Battleground Yorkshire: Farmers need more security in an increasingly uncertain climate

In this week’s spotlight issue, Mason Boycott-Owen speaks to experts about how farmers are lacking the certainty they need to make a real go of Brexit despite the war in Ukraine showing that security of the UK’s food supply is more important than ever.

“Well, the main issue is the Great British weather,” laughs Richard Pears from the National Farmers' Union (NFU), “but there’s nothing the Government can do about that.”

England has seen the wettest 18 months since records began and it has caused havoc with the country’s farmers, with a drastic reduction in crop production because of low levels of planting in waterlogged fields and a harsh winter causing further losses in the UK.

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The effect of this, along with the low pricing for crops and high input costs such as fertiliser have shown once again that farming is the “most volatile manufacturing sector in the world,” according to Kevin Hollinrake, the Thirsk and Malton MP whose father was a farmer.

Yorkshire's rural way of life relies on its farming communities that need more certainty following Brexit.Yorkshire's rural way of life relies on its farming communities that need more certainty following Brexit.
Yorkshire's rural way of life relies on its farming communities that need more certainty following Brexit.

Any party would win a majority for life if it had an answer to solve the British weather, but as it stands the incoming government faces several challenges to give farmers security in an increasingly insecure world.

Pre-Brexit, the UK’s farming worked under the EU’s Common Agricultural Policy, which was for many a “blunt instrument” to deal with the vast array of production in Europe, but one which saw British farmers receive their subsidies from Brussels.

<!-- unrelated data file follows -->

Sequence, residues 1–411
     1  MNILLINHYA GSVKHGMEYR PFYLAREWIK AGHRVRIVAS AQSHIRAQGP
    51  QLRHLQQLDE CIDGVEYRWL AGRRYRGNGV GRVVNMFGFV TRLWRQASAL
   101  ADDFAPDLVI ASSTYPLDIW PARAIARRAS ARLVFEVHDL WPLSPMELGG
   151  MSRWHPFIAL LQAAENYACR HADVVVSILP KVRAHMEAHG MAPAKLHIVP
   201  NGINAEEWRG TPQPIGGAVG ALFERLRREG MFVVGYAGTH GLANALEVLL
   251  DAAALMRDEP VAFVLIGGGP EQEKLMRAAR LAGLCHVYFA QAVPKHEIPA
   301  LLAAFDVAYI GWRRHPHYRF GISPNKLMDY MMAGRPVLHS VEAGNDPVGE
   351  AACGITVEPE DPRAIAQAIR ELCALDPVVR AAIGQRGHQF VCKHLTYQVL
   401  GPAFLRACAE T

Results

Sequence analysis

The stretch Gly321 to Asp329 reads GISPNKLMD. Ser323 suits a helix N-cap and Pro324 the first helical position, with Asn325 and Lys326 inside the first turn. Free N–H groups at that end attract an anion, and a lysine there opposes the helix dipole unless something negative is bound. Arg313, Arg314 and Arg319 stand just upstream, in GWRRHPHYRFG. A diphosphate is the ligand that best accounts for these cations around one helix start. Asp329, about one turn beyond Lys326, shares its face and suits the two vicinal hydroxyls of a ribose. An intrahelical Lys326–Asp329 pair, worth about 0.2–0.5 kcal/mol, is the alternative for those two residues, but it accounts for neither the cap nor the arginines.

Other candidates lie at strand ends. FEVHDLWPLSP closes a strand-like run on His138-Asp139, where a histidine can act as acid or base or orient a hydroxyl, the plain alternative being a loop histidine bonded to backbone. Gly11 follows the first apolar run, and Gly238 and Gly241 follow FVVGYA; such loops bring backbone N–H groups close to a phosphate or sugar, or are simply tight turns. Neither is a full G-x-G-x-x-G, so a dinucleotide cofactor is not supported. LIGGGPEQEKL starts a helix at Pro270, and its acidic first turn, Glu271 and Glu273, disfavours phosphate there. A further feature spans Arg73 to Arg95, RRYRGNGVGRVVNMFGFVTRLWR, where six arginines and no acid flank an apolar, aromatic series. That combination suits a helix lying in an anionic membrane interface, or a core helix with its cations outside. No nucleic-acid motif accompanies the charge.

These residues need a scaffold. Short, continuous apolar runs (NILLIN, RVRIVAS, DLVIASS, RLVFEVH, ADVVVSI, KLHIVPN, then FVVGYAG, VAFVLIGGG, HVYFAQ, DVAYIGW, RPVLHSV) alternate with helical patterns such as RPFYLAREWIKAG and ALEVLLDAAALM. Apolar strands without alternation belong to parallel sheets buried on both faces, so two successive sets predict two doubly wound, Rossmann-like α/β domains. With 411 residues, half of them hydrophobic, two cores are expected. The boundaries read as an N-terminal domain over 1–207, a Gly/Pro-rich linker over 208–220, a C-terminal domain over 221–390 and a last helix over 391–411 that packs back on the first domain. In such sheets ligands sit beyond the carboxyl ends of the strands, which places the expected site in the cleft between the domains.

The policy saw more money go to larger farms, with critics saying that this led to less emphasis on the environment. Currently the CAP, which makes up nearly a third of the EU’s budget, sends 80 per cent of the public money to farming animals, and the large carbon footprint which comes alongside it.

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Post-Brexit, the English farmers have a new paymaster, the Treasury, with Environmental Land Management (ELM) schemes becoming the major source of subsidy for farmers.

They work by rewarding farmers for undertaking measures to improve things such as biodiversity and eco-friendly schemes, and have had a chequered yet short history after almost being axed under Liz Truss as it was dragged kicking and screaming into anti-green rowback we’ve in recent years.

“Even those who have written them off, unfairly in my view, I’d strongly encourage them to look at them again,” says Jonathan Roberts, from the Country Land and Business Association (CLA), adding that there has been a lot of “misinformation” about the schemes through poor communication from government.

Brexit, he says, has not been the disaster that many have feared for farmers, but rather that it was “very naive” to say that “one day we can just flick a switch between the old and the new and everything is easy and simple”.

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The agricultural transition between 2021 and 2027 means that now the industry is looking to the future, with farmers “desperate” for certainty, says Richard Pears from the National Farmers' Union (NFU).

“We know we have a budget for agriculture in this parliament, we actually have no idea what the budget will be after this parliament,” he adds, with the effect of future trade deals potentially set to have a “harmful” impact on UK farmers.

“Farmers are keen to engage with the government of the day, but it’s very hard to make many judgements because I don’t think there’s any specific policy areas that Labour have produced going into the next election,” he says.

With news breaking this week that post-Brexit border fees for plant and animal products could further push up UK prices, there is also a question to be had about who should be profiting, if anyone, from the public’s cost of living crisis,

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“There's a big question that we need to have to answer at some point, which is who is making money out of our food, the supply chain, because it's not farmers, even in times of economic crisis,” says Mr Roberts.

“We have a sort of permanent-crisis at the moment, not just here but elsewhere in the world, and supermarkets tend to be doing exceptionally well.

“There’s always profits kicking around, and there’s plenty of profits elsewhere in the supply chain, but farmers aren’t making money.

“We really have to get to the bottom of that,” he adds.

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